What is a deus ex machina? A deus ex machina, a “god out of the machine,” is a plot convenience in which a character in a literary work is suddenly rescued from some brutal fate. This happens, for instance, at the end of Euripides’ Medea when the Georgian infanticidal murderess is rescued by Helios, the Sun God. A deus ex machina is more than a contrivance of plot; it is contrived-appearing. In Ancient Greek tragedy, a literal crane descends on to the stage and seizes the misfortunate and pulls him or her up to safety. And the audience smiles and feels warm inside.
My central criticism of the play is that it is a chockablock with instances of deus ex machina.
The crane descends, and the god saves the misfortunate.
There is one deus ex machina after the other in the text.
God is not in the machine, but out of it, rescuing Medea, putting her in the passenger seat of Helios’ chariot.
The crane comes down and snatches up Pericles, rescuing him from possible assassination.
We learn from Helicanus, in Act Two: Scene Four, that Antiochus and his daughter will be struck by divine lightning and incinerated for the transgression of incest: “A fire from heaven came and shrivelled up / Their bodies even to loathing…” The gods come out of the machine and destroy Pericles’ enemies or otherwise impede their projects.
Pericles flees Syria and sails to Turkey—particularly, to the city of Tarsus—where he is heralded as a messiah for saving the starving, impoverished Tarsians from immiseration, starvation, emaciation, maceration.
Here is another deus ex machina. Down comes the crane! There is a rapid shift from immiseration to grateful celebration. The Tarsians cease their lamentations; they will be fed.
In the chorus of Act Two, Gower gives us sing-songy perfect rhymes which sound less than perfect.
But they do serve as a transition from the first act to the second act, in which we learn that Pericles, upon discovering that Thaliard came full-bent with sin to murder him, decides that Tarsus is not the best for him to make his rest and puts forth to seas where men have seldom ease, ’til Fortune, tired of doing bad, throws him ashore to make him glad. I’m just lightly paraphrasing, lightly paraphrasing.
Upon what shore is Pericles thrown? Upon the shore of Pentapolis, which means “a group of five cities.” He is greeted on the shore by fishermen, who mock him mercilessly. He begs for help, but the fishermen laugh at him, until he talks about how he is a “man throng’d up with cold,” by which he means that he is assaulted by the cold as if the cold were a mob [II:i], which activates the altruistic social instinct of the First Fisherman, who proclaims:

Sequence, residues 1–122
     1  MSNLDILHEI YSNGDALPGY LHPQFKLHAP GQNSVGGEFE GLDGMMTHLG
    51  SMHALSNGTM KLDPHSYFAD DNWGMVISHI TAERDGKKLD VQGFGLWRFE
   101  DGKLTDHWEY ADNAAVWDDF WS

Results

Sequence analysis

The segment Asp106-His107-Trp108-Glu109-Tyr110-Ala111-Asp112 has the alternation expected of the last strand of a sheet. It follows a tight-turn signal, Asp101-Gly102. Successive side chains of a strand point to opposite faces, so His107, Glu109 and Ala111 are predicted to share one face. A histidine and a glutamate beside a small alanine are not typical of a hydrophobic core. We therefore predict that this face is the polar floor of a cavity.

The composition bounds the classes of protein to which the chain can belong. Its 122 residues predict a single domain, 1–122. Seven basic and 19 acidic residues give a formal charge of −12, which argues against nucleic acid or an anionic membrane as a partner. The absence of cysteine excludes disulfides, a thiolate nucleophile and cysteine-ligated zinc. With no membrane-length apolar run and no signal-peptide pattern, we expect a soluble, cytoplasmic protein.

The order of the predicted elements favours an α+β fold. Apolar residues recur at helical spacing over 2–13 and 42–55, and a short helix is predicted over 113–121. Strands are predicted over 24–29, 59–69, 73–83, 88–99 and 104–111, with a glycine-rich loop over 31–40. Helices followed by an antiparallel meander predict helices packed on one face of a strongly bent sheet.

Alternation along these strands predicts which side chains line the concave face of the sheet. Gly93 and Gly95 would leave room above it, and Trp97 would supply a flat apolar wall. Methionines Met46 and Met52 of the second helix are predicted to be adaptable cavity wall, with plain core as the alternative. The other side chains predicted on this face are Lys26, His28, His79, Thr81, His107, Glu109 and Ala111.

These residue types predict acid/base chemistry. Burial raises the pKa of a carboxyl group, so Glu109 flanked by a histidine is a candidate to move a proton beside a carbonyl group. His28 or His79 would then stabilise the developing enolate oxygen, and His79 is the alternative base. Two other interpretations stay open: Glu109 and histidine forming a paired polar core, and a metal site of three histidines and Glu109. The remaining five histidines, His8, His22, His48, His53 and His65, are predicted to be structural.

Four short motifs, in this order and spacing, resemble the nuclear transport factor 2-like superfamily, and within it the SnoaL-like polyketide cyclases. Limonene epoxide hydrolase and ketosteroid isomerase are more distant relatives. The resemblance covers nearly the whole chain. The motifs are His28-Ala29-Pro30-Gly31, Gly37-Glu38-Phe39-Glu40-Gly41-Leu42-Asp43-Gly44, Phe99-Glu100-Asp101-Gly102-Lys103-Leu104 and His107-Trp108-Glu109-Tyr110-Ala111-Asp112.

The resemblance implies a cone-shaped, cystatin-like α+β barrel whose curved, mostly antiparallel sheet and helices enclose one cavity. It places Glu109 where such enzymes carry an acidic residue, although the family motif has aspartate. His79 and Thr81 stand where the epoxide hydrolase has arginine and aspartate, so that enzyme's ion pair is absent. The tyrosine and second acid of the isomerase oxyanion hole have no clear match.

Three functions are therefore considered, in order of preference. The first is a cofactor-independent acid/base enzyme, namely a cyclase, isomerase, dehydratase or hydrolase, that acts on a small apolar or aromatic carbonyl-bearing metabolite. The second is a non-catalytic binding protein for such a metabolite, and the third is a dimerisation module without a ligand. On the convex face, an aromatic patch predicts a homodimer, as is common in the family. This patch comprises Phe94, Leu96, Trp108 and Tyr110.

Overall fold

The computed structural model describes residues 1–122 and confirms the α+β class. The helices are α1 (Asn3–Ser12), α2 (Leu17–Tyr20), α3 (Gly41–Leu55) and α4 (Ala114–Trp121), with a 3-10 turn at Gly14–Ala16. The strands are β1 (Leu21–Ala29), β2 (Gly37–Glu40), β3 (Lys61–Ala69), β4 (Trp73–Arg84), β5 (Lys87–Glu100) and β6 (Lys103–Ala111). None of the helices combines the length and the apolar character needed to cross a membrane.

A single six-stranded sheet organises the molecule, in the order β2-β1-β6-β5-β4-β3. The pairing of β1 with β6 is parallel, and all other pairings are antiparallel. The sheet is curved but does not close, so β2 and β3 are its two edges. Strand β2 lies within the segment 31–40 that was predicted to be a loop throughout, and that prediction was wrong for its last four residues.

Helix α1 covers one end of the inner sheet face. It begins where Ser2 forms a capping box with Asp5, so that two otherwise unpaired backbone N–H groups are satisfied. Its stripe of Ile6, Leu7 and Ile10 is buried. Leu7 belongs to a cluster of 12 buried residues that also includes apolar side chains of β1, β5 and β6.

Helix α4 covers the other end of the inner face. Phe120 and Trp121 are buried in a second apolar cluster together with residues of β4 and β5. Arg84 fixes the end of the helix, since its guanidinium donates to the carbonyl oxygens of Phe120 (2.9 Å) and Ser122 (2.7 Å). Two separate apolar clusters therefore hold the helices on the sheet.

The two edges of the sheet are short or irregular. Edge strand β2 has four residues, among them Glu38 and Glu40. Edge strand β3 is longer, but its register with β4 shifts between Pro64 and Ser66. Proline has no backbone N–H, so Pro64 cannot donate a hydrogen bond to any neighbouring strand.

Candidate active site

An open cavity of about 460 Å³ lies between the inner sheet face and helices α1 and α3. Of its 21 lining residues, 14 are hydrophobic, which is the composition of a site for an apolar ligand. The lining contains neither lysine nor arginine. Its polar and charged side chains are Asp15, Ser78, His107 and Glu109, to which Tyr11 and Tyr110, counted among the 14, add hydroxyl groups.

I have a gown here;
come, put it on; keep thee warm. Now, afore me, a
handsome fellow! Come, thou shalt go home, and
we’ll have flesh for holidays, fish for
fasting-days, and moreo’er puddings and flap-jacks,
and thou shalt be welcome [II:i].
So, notice that the First Fisherman has a suddenly inhuman and inhumanly sudden change of mind and change of heart, a burst of metanoia. The First Fisherman moves from callousness toward outsiders and malicious mockery to the warm embracement of the Tyrian Pericles. Now, Pericles will, apparently, become an artificial appendage of the First Fisherman’s family and can look forward to repasts of puddings and flap-jacks. This is one of the many squirmy, wince-inducing, improbable metanoias that pock the entire text of the play.
It strikes me now that Pericles, who moves from one synthetic family to another, is desperately trying to find the Father. He tried to find the Father in Antiochus and fails. He tries to find the Father in the First Fisherman. He will finally find the Father in Simonides.
The crane descends again and snatches up Pericles. Pericles will soon, beyond comprehension, plausibility, and probability, be welcome by the King Simonides and will marry his only daughter, Thaisa.
Simonides is the benevolent authoritarian father; Antiochus is the “sinful” totalitarian father.
However, Simonides pretends to be the Absolute No-Father that Antiochus is. Let us remember that Antiochus is the father who always says, “No,” much like the No-God of Karl Barth, the God Who Forever Says, “No.”
Just as Simonides is the replacement of Antiochus, Thaisa is the replacement of Antiochus’ daughter.
The drama that will unfold among Pericles, Simonides, and Thaisa is an ironic repetition of the drama among Pericles, Antiochus, and Antiochus’ daughter at the beginning of the play. Things turn out much better the second time around for all parties involved.
Notice that, in his asides, Simonides confesses to the audience that he wants Pericles to marry his daughter “with all [his] heart” [II:v]. However, he gives a show of resistance and demands “subjection” [Ibid.]. It is a display of refusal, it is pure theatre. In Shakespearean philosophy, all of human existence is the dramatization of roles, even in the intimate sphere of the family. The totalitarian-seeming father Simonides should be distinguished from the actual totalitarian father Antiochus.